Hammamet is a great place for wreck divers to make an appearance. The wreck of a German WWII ship remains fairly intact beneath the surface. The vessel still holds its cargo, a jeep strapped to the deck. Large pelagics haunt the ship, and pilot whales are often seen, as well as dolphins.
Tunisia is a fairly small county, and getting around isn’t difficult. You will probably fly into Tunis International, from there you can taxi around. Road qualities are generally good in the country, so biking is a wonderful option for those who are so inclined.
2. São Tomé and Príncipe
Photo by Helena Van Eykeren
São Tomé and Príncipe don’t get the hype that most other dive sites in Africa receive. Visiting here feels like you’re a part of a well-kept secret, with awesome dives and unforgettable vistas. Found off the coast of West Africa, right on the equator, the twin islands are a haven for wildlife.
Pedra a Dalho are a highlight dive, found off the coast of Principe. A duo of pinnacles, the formations rise up out of the water from the sea floor, a home for many large creatures of the deep. Nurse sharks and barracuda await divers, keeping an eye on you from below.
Bone de Jockey, a massive boulder a short ways from São Tomé makes for a stellar day trip. The rocks and reefs are a treat to explore, and large, intimidating grouper glare from afar, beckoning you out into the deeper blue. Bring a picnic lunch and eat on the beach, exploring the boulder between dives.
Making your way to the islands best done by plane, and flights arrive from Lisbon or Luanda, as well as from Douala and Cape Verde. Once on the islands, you can get around on buses or by boat. Renting a car is recommended on São Tomé, and guides are available to help you on your way.
1. South Africa
Photo by Clifton Beard
Undoubtedly, the mecca of all scuba diving in Africa can be found in the wild waters that coax South Africa’s shorelines. Diverse marine life and incredible reefs brings divers face to face with some of the most fascinating creatures of the deep.
The sardine run, the annual migration of millions upon millions flickering sardines, brings successively larger wildlife to the show. Species of all types work together to corral the fish, some attacking from the air while others push upward from below. Little by little, tuna, dolphins, sea birds, sharks, and even whales close in, forcing the sardines into a small “bait ball.” Relentless, the predators are so aggressive that they can decimate a school of thousands, picking them off until none remain. Luckily, there are millions more to spare.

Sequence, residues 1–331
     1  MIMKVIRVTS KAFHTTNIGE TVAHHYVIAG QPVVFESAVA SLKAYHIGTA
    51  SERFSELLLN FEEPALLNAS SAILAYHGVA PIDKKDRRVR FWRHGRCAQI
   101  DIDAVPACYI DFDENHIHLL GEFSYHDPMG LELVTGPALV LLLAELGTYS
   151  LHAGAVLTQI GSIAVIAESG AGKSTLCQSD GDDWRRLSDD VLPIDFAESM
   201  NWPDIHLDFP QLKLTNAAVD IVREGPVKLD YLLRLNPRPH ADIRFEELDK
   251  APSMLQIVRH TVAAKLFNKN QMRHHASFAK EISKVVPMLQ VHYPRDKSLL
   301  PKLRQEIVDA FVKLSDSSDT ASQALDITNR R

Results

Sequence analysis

Great white sharks arrive to the area of Gansbaai in massive schools, following the sardines for food. Cage diving with these tremendous creatures is an adrenaline overload. You can also expect to see sharks of other varieties as they join the party: They don’t call this region “Shark Alley” for nothing.
Cape Town is also a great jumping off point for journeys to outlying islands like Seal Island, among others. Try to make it to Cape Verde, a remote and beautiful island, difficult to access but worth the effort.
Getting to and through South Africa is no big thing. There are dozens of international airlines that make their way into the country. Upon arrival, you can either rent a car or take public transportation within the cities. You have plenty of options to choose from.
There’s just so much to see. Africa’s waters offer assorted treasures to scuba divers, from those who are just getting started to those who are taking their diving to the next level. Some spots are secluded and pristine, untouched. Others are hugely popular, guaranteeing new dive buddies and friends. Take in each country’s rich history, soaking in your surroundings both below the water and above.